Banerji and Ryves, JJ.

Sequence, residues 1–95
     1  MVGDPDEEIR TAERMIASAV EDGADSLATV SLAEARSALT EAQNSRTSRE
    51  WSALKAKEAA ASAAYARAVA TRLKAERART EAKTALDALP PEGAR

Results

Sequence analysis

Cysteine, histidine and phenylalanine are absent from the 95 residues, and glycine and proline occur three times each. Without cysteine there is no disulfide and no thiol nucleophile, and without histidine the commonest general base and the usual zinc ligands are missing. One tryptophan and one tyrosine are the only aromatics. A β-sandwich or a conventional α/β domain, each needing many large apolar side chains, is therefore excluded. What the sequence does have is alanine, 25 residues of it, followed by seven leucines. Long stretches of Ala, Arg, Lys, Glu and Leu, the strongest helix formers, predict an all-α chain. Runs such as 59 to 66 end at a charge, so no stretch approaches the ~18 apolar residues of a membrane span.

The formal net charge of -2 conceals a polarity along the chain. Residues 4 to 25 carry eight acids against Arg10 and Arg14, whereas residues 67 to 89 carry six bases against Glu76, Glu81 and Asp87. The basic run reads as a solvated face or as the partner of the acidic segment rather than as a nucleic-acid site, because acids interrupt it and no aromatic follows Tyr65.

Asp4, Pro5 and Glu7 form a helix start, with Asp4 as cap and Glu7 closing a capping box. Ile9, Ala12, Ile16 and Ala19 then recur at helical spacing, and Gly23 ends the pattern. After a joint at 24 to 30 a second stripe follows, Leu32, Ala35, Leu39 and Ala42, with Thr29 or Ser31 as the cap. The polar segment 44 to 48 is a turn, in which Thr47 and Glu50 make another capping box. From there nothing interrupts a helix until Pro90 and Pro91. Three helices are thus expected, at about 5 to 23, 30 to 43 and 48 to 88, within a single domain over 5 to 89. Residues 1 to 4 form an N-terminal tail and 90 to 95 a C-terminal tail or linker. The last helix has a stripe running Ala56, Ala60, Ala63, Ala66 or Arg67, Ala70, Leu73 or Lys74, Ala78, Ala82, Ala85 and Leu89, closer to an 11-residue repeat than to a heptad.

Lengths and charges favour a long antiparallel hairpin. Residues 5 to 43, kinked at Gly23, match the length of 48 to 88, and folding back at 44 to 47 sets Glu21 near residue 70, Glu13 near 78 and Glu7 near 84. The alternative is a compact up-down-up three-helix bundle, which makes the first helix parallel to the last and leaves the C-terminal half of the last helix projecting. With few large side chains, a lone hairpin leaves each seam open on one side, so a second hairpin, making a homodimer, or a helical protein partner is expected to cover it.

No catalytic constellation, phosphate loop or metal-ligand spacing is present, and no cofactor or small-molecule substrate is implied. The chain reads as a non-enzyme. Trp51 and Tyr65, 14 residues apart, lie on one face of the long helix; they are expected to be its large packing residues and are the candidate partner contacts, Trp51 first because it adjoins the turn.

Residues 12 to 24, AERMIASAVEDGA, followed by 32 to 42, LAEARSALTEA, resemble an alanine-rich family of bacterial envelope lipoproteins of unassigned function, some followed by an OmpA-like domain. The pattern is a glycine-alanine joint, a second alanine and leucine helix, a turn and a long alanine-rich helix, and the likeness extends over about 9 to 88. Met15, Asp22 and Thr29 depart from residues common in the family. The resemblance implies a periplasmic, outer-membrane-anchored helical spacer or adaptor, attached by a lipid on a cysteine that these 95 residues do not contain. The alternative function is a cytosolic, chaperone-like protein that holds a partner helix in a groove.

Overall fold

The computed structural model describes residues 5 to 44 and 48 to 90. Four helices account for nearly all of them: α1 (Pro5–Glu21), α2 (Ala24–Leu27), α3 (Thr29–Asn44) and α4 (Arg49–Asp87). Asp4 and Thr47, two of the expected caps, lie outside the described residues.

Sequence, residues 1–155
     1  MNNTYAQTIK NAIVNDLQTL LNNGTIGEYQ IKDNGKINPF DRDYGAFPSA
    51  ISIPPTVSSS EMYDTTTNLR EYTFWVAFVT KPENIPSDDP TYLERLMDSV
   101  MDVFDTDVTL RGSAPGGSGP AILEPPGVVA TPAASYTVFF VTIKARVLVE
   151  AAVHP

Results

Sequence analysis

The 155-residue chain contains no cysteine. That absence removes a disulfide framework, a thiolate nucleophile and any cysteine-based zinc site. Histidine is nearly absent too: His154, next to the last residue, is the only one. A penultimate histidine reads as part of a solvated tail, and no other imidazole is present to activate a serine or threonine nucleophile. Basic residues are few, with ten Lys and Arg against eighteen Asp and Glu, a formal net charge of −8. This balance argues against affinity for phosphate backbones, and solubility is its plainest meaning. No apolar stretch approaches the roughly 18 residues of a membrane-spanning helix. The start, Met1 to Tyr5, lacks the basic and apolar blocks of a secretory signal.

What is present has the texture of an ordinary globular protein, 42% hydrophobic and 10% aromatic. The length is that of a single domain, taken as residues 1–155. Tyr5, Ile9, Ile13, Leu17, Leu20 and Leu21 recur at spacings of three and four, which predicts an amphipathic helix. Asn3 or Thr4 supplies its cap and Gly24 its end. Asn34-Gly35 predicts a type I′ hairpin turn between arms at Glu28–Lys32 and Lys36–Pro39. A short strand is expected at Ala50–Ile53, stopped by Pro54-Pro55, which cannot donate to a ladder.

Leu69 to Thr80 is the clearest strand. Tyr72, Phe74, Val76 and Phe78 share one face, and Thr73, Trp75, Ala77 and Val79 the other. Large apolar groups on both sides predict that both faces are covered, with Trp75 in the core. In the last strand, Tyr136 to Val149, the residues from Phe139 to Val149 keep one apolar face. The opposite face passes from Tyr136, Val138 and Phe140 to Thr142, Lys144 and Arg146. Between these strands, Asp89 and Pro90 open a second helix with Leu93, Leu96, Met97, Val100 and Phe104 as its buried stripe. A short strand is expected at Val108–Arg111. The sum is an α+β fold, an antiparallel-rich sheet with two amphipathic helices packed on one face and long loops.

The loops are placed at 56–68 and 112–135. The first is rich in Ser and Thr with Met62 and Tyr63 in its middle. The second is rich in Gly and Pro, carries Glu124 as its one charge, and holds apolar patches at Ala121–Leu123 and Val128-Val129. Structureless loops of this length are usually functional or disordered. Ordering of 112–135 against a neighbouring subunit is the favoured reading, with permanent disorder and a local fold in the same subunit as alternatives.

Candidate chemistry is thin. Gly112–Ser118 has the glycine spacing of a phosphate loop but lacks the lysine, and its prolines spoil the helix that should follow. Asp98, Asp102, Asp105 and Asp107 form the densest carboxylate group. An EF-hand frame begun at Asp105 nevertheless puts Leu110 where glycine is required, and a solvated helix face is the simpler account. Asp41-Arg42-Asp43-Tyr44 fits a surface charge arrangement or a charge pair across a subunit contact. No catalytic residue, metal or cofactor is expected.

1. Banwari Lal, Parsotam Das and Ramrich Pal brought a suit for partition of their shares in certain joint property. A preliminary decree was passed in that suit, and for the purpose of preparing a final decree the court appointed a commissioner and receiver. Among the properties ordered to be partitioned are mortgagee rights in one half of the village Sundhawra. On the 15th of May, 1912, Shanti Prasad, who was one of the defendants, and the extent of whose share, as also the share of his minor brother Ram Kunwar, is one quarter, applied to the court, apparently under Act IV of 1893, praying that the mortgagee rights be sold by auction to the highest bidder among the parties. This application was opposed by Banke Lal and Ratan Lal, On reference by the court to the receiver and on obtaining a report from him, the court made an order directing the sale of the mortgagee rights to the highest bidder among the cosharers. The present appeal has been preferred against this order and it is contended that the Partition Act (No. IV of 1893) does not apply to a case like this, inasmuch as the property in question is property paying revenue to Government. Clause (4) of Section 1 of the Act is referred to in support of this contention. That clause provides that nothing contained in the Act shall be deemed to affect any local law providing for the partition of immovable property paying revenue to Government. Partition of immovable property paying revenue to Government in these provinces is to be effected under the provisions of the Land Revenue Act, No. III of 1901. Under that Act, separate mahals cannot be formed of mortgagee rights as between the holders of a mortgage. The partition contemplated by that Act is a partition of zamindari rights, and if partition is sought of zamindari rights in respect of property which is under a mortgage, as against other co-sharers of the zamindari rights, the application for partition should, as required by Section 107 of the Act, be made by the mortgagor and the mortgagee jointly. In our opinion that Act has no application to a case like this. Under Act IV of 1893, at the request of share-holders interested individually or collectively to the extent of one moiety or upwards, the court may direct a sale of the property ordered to be partitioned and distribution of the proceeds, and where such an order is made, any of the parties other than the applicant may apply for leave to buy at a valuation the share or shares of the party or parties asking for sale. In the present case Shanti Prasad and his brother who applied for sale of the mortgagee rights were share-holders only of one-fourth and not of a moiety. Therefore they alone could not ask the court to sell the mortgagee rights. Other share-holders may have expressed their consent to the sale of the mortgagee rights. But they made no request to the court in that behalf. Therefore, it seems to us, that the court was not competent to take action under Section 2 of the Act. If action had been taken under that section, and the court had decided that the property ought to be sold, the share-holders other than the applicant could under Section 3, have applied for a valuation and the court in that case should have ordered a valuation to be made. Neither of these proceedings appears to have been taken. There being no application either under Section 2 or under Section 3, the court was not competent to make the order passed by it. We must, therefore, set aside its order of the 16th of May, 1912. It will be open to the parties or such of them as may choose to do so, to ask the court to take action under Section 2, and in that case, it will be open to other share-holders to apply under Section 3, and if such applications be made, it will be the duty of the court to proceed under the provisions of Sections 2 and 3. The order complained of is an illegal order. We accordingly allow the appeal, and set aside that order. Under the circumstances we direct the parties to pay their own costs in both courts.